LAS VEGAS—The attendees are getting antsy. It’s Day Two of AAHOA’s annual conference, and the panel of CEOs on the main stage aren’t telling members what they want to hear.
The topic at hand is capital expenditures. After years of relaxed standards and deferred payments, the big brands want to see money going back into their properties.
“If you want to regain your rate … you really need to reinvest in your properties,” says Nancy Johnson, executive VP, development, at Carlson. “Any brand worth its salt is going to make sure they’re encouraging the brand standards.”
Johnson can’t finish her sentence without a chorus of boos erupting from Hall A of the Sands conference center.
She isn’t the only one to deliver the pending ultimatum.
“We’re getting to the point where if we don’t begin to make investments into the properties, it becomes harder and harder to bring them back,” says Steve Joyce, president and CEO of Choice Hotels International.
Liam Brown, executive VP, select service and extended stay hotels at Marriott International, is the next to stick his neck out.
“We’ve still got to work to take care of our guest at the end of the day,” he says. “If you lose the value proposition and if you lose that brand equity, you’ve got nothing.”
The boos continue.
Tough times at present
Times are still tough. Hotel performance throughout the country is still choppy. And the 11,000 members of the Asian American Hotel Owners Association are still asking questions.
Where is money for property improvement plans and new brand standards going to come from? Bank lending is still scarce, and cash flow is more like cash trickle.
Perhaps more importantly: Will owners ever see a return on those investments?
To answer that first question, Choice (http://www.choicehotels.com/en/about-choice/aboutchoicehotels) is developing a program that will match hotel owners with trusted sources of financing.
The crowd likes this solution—or at least they don’t oppose it. Faint clapping echoes from the crowd. The sound is quiet enough to highlight the conspicuous absence of boos.
To answer the second question, Eric Danziger provides some context and some color. Wyndham Hotel Group’s president and CEO tells attendees CapEx isn’t everything. They can overcome a lot of deficiencies with exemplary service.
The clapping grows louder.
But that still doesn’t address the topic of return on investment. Danziger admits some brand initiatives are mere window dressing. He points to a brand mandate that required all properties of an unnamed extended-stay brand to have stainless steel appliances in their kitchens. There is not a single guest who will choose to book a hotel room because of stainless steel, he says.
Brands and the management teams behind them must reevaluate every standard to determine what really matters to consumers. Before they ask owners to invest, hotel executives must turn inward: “Is this the right investment to help our owners grow their business?”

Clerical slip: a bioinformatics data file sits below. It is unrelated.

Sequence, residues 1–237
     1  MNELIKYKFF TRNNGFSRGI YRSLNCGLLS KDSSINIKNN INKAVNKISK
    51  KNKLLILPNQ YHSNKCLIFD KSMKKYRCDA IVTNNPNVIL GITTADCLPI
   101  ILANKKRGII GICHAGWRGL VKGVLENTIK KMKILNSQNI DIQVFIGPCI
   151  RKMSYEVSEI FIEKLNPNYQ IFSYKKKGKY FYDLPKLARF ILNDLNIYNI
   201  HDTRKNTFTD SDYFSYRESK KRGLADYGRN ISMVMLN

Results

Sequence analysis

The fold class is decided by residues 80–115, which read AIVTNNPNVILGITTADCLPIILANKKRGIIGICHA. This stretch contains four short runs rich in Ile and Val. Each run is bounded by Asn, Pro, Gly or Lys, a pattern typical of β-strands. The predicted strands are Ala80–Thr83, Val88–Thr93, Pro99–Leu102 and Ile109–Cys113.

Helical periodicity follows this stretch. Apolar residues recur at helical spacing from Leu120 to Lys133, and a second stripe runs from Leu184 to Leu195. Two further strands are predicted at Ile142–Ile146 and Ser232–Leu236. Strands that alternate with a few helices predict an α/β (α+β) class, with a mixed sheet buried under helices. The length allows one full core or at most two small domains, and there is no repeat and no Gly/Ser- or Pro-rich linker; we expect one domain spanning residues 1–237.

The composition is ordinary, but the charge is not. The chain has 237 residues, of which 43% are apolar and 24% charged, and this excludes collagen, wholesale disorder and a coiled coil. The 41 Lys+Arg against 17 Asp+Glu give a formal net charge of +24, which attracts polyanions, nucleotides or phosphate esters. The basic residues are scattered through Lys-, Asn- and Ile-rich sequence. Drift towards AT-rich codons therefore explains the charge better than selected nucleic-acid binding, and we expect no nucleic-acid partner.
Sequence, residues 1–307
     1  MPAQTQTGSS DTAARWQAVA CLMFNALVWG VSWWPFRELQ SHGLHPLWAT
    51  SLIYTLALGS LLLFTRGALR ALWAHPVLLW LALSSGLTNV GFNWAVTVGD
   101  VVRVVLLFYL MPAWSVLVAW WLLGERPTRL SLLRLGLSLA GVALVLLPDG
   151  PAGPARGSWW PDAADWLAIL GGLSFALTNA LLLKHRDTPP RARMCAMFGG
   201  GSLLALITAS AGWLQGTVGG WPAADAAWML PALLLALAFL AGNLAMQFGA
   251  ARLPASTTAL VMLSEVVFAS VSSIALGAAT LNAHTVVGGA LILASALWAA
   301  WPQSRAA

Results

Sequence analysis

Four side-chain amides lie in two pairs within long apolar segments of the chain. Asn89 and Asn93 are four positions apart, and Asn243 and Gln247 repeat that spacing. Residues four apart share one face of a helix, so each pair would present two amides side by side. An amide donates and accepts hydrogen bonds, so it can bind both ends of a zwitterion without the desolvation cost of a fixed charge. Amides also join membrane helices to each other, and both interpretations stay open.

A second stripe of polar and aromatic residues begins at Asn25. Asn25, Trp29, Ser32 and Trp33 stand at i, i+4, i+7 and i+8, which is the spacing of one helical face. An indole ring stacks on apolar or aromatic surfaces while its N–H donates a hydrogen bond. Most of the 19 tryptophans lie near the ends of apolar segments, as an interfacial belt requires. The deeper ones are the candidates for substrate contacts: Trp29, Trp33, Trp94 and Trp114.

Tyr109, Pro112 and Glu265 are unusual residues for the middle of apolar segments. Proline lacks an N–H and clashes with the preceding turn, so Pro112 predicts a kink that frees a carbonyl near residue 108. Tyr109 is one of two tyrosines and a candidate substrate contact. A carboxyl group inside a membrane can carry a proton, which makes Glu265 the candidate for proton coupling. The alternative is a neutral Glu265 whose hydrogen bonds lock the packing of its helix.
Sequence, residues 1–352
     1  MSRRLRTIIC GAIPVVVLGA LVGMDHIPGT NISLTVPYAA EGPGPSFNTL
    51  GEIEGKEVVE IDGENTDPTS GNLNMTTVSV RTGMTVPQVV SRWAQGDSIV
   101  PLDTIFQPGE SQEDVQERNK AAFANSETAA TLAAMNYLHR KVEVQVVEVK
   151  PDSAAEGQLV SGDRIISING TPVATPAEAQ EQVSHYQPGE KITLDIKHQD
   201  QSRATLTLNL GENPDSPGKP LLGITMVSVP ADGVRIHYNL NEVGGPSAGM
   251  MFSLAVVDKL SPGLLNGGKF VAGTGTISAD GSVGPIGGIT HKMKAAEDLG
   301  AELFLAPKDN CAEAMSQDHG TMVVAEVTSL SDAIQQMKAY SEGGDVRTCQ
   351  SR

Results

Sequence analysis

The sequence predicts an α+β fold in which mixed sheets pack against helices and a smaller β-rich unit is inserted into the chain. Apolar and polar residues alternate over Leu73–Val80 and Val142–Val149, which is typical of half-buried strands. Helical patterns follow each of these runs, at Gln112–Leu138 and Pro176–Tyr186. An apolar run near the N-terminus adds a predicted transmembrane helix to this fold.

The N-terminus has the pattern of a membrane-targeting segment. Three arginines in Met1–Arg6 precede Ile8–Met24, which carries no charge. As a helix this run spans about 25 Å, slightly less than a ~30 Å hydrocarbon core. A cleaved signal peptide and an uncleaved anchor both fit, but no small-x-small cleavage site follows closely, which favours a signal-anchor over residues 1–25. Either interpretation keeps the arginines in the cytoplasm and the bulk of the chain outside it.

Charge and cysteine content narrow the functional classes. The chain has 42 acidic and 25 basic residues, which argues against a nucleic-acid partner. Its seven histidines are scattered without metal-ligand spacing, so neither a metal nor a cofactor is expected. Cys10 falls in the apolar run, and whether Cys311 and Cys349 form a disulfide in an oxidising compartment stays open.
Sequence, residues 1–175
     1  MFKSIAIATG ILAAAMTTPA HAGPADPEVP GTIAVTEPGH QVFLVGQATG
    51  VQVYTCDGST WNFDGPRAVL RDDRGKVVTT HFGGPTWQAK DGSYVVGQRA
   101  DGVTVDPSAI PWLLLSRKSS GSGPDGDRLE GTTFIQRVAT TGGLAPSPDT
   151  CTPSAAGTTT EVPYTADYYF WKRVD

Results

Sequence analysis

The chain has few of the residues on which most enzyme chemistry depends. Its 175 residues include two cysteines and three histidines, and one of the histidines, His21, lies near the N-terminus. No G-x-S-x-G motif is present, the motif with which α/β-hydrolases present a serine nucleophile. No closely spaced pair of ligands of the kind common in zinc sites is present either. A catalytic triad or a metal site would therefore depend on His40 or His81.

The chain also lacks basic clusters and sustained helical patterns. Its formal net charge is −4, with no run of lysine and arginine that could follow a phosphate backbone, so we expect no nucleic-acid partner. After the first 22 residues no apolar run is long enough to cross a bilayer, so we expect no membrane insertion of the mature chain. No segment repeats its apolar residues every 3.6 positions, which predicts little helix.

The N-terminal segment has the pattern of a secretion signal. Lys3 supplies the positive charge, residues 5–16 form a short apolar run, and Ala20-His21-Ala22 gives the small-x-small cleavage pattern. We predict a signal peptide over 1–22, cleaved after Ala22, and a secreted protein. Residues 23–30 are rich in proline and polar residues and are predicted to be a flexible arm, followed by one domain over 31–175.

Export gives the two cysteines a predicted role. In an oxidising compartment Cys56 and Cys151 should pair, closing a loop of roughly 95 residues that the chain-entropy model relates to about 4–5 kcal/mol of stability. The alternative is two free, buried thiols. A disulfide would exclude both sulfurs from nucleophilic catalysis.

The question is rhetorical, but the audience response is very real. A wave of applause and enthusiastic whooping erupts in the hall. Danziger sits back contently. It takes a full 20 seconds before panel moderator Sam Winterbottom, senior VP and director with Grubb & Ellis, can deliver his next question.
OTAs and the AAHOA solution
When the discussion invariably turns to those dreaded online travel agencies, the panelists present a united front: OTAs are just another distribution channel. OTAs are useful in generating incremental revenue. OTAs should never be used at the expense of proprietary brand.com websites. OTAs require strategy and expertise. And OTAs are going to get a whole lot scarier when giant Google enters the space.
This isn’t news to anyone. Attendees nod their heads in positive reinforcement, waiting patiently for the executives on stage to voice their opinions on an issue that’s a little closer to home.
They call it mybesthotelrate.com. The program is an AAHOA initiative designed to consolidate members’ properties under a single URL. Bookings made here will cost only 8-10% in commission fees—a far cry from the 25-30% charged by the likes of Expedia, Priceline and Travelocity.
The program, which officially launches in the fall, is now accepting member enrollment.
Mybesthotelrate.com generated some noticeable buzz when AAHOA chairman C.K. Patel provided an update Thursday during the conference’s opening session. Less than 24 hours later, the bodies on stage are considerably less enthused.
“The Expedia budget is hundreds and hundreds and hundreds of millions of dollars,” Danziger says. Does mybesthotelrate.com have the muscle to create real attention in a crowded marketing space? If not, can those same dollars be better spent elsewhere?
The arena is only getting more competitive, Johnson says.
“It does take millions or billions of dollars to market to the level that Google will be able to,” she says
The big boys and gals will have better apps, stronger inventory and a more dominant footprint on the minds of consumers. Being able to compete will be very difficult, she says.
“Good luck,” she adds, “and God bless ya.”